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Job-seekers prepared to lie about interests, but more wary on work experience


According to new research, candidates are twice as likely to stretch the truth about their personal hobbies and interests than about their work experience. The survey, by Office Angels, shows job-seekers increasingly believing that facts that could possibly be checked might well be, so the majority avoid making false statements about work experience (60%) and academic results (55%).

Private lives are a different matter, with 80% expressing a willingness to embellish, exaggerate, elaborate and lie. And 75% of employers said that this category could make a significant difference to a candidate’s employment prospects, which would suggest that telling a tall tale or two could tip the balance. However, anyone considering creating a sophisticated fantasy life on their CV should think about the possible negative reactions. The survey showed that five most common hobbies listed all had possible hidden flaws:

Extreme sports: Are they trying too hard to appear dynamic? If true, could be too much of a risk-taker?

Arts (reading, opera, dance, theatre): May be creative and sociable, but could just be trying to look intellectual.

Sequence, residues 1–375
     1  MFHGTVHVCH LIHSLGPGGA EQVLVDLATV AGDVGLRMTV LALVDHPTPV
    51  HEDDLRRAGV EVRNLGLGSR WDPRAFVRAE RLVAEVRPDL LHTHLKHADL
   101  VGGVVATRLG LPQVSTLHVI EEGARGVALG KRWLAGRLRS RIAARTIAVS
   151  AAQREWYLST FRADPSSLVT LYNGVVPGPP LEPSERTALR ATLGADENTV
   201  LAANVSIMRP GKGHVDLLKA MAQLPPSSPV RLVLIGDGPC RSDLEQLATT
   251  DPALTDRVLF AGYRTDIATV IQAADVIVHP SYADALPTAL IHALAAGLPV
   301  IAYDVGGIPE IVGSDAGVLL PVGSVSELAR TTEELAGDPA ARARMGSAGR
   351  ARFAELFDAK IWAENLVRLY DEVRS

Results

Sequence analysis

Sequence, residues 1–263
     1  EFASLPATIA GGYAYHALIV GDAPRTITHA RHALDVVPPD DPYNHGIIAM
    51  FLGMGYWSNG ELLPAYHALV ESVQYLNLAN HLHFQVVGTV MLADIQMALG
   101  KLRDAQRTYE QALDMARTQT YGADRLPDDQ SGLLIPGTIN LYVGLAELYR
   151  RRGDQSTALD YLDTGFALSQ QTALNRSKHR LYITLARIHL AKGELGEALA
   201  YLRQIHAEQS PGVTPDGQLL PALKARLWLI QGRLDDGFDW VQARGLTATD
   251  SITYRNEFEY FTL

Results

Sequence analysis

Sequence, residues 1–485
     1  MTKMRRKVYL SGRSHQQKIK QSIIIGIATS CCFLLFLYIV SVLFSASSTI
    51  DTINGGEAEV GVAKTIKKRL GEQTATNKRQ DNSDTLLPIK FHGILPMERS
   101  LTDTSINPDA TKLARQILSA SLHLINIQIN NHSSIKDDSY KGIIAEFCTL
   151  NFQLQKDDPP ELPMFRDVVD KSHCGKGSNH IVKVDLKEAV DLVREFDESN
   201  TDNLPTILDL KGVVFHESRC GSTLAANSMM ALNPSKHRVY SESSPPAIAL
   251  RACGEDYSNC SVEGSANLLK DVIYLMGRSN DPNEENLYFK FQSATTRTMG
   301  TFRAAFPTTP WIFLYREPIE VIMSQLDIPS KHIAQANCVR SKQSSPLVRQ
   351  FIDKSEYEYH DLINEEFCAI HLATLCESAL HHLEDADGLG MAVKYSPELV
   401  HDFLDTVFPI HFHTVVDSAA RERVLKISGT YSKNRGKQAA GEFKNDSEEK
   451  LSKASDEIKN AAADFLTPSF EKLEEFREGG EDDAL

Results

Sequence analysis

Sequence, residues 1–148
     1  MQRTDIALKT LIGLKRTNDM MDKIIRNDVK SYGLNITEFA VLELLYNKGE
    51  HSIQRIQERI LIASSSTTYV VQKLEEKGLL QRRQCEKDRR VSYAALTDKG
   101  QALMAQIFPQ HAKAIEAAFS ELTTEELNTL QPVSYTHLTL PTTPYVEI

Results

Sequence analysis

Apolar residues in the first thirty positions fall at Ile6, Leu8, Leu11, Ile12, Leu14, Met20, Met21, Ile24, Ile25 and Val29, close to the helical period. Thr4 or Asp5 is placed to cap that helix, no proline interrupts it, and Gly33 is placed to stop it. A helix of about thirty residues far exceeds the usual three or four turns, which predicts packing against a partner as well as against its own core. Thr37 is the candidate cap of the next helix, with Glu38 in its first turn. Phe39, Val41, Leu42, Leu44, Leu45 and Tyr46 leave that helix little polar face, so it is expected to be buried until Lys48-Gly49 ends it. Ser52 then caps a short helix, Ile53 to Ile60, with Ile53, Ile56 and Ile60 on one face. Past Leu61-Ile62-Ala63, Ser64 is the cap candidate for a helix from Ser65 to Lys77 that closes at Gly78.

Cinema: Depends, a laddish Tarantino fan, or an arty European cinema obsessive?

Traveller: Life and culture knowledge, or idling in the sun?

Socialising: A people person, or out on the lash all night and fit for nothing in the mornings?

The issue becomes more relevant when you consider one other finding: 78% of respondents said they were considering a job move in 2002.

2 Responses

  1. Exagerating hobbies/interests/life experience
    I am not surprised that candidates are exagerating their hobbies/interests. I have now found a fulfilling job but for some time I found recent interview techniques requiring you to come up with some exciting/interesting life experience to reflect or use during interview. For some candidates with busy family lives this may be difficult so why not create something to enhance your interview?

  2. well……..
    If those surveyed lie on their cv (80%) how many lie in surveys? i suggest redoing the survey and ammending as appropriate

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